US, China step up war of words over Hong Kong
Anti-extradition demonstrators march to call for democratic reforms in Hong Kong.
The United States and China have stepped up an increasingly harsh war of words over pro-democracy protests in Hong Kong, as Beijing seeks to push its accusations that the mass demonstrations are being fueled by foreign powers.
In the latest exchange, Washington on Friday called out Beijing-backed news outlets for sharing "dangerous" reports after a newspaper revealed personal information about an American diplomat in Hong Kong who met with pro-democracy activists.
"Official Chinese media reports on our diplomat in Hong Kong have gone from irresponsible to dangerous. This must stop," State Department spokeswoman Morgan Ortagus posted on Twitter.
Beijing has increasingly pitched the anti-government protests in the semi-autonomous city as funded by the West, at one point describing violent unrest in the city as "the work of the US."
But China has provided little evidence for the claim beyond supportive statements from some Western politicians.
The Hong Kong-based, pro-Beijing Ta Kung Pao reported that the political unit chief of the US Consulate General in Hong Kong, Julie Eadeh, had met with members of the political party Demosisto-including prominent democracy activist Joshua Wong.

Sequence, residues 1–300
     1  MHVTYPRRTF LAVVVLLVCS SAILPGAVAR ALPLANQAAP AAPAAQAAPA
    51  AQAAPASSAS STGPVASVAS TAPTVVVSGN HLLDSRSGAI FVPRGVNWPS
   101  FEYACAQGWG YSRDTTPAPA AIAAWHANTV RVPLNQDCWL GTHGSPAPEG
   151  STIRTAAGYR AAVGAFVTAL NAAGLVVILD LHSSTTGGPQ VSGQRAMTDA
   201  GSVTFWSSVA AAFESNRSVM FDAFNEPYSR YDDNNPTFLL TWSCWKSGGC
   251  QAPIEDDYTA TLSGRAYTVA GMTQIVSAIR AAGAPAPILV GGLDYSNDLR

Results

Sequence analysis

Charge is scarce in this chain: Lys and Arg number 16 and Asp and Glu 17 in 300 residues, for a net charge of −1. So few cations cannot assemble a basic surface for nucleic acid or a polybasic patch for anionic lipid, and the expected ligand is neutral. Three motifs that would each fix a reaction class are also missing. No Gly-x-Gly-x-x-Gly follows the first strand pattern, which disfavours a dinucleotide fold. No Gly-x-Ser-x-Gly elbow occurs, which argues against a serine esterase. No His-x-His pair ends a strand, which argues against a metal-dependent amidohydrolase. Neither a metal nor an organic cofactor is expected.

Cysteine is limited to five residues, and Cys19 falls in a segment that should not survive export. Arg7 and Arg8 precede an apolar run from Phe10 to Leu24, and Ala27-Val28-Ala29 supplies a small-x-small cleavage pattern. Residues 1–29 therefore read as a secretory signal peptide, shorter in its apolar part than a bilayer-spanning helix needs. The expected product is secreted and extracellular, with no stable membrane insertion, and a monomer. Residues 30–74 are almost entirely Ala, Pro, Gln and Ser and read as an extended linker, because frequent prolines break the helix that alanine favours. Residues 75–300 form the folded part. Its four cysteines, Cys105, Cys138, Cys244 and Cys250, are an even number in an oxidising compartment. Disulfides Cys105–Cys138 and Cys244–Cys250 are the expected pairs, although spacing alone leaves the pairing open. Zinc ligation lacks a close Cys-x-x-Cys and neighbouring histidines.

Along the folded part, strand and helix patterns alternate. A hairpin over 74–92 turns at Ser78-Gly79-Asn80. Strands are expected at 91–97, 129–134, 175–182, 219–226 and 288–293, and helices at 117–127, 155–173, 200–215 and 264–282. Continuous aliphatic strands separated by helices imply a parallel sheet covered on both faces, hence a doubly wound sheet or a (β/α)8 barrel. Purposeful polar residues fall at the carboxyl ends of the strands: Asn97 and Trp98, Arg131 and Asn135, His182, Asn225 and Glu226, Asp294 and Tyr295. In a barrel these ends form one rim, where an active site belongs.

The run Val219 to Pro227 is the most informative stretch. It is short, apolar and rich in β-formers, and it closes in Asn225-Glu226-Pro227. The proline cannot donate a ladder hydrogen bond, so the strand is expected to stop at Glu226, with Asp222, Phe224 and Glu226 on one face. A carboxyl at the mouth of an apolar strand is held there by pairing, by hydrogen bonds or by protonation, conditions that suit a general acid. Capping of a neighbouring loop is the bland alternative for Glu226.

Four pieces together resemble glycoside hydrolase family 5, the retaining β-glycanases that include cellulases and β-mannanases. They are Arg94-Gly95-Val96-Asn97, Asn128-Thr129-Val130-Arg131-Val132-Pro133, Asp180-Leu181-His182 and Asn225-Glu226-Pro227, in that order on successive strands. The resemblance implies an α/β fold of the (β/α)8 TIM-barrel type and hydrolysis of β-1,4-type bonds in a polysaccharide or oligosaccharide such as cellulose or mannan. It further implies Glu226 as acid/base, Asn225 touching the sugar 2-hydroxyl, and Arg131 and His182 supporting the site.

It shared details on Eadeh's career as well as her family members' names.
The Office of the Commissioner of the Ministry of Foreign Affairs of China in Hong Kong denounced Ortagus' remarks as "blatant slander against China" that had "again exposed US gangster logic."
Ortagus, however, said that "Chinese authorities know full well, our accredited consular personnel are just doing their jobs, just like diplomats from every other country."
"Foreign diplomats in the United States, including Chinese ones, enjoy open access to all elements of American politics, civil society, academia, and business," she added.
On Thursday, China demanded that US diplomats based in Hong Kong "stop interfering" in the city's affairs.
In a statement, the Chinese foreign ministry urged the US diplomatic office in Hong Kong to "immediately make a clean break with various anti-China rioters" and "stop interfering in Hong Kong's affairs immediately."
Ortagus responded at the time: "I don't think that that's a formal protest, that is what a thuggish regime would do. That is not how a responsible nation would behave."
A State Department official told AFP that representatives of the US government "meet regularly with a wide cross section of people across Hong Kong and Macau."
Tensions are high in the Asian financial hub after two months of protests and clashes triggered by opposition to a planned extradition law that quickly evolved into a wider movement for democratic reforms.
Demosisto says it campaigns for more self-determination for Hong Kong but not independence.
Last year, the Hong Kong National Party was outlawed on the grounds it posed a security threat, the first such ban since the city was handed over from Britain to China in 1997.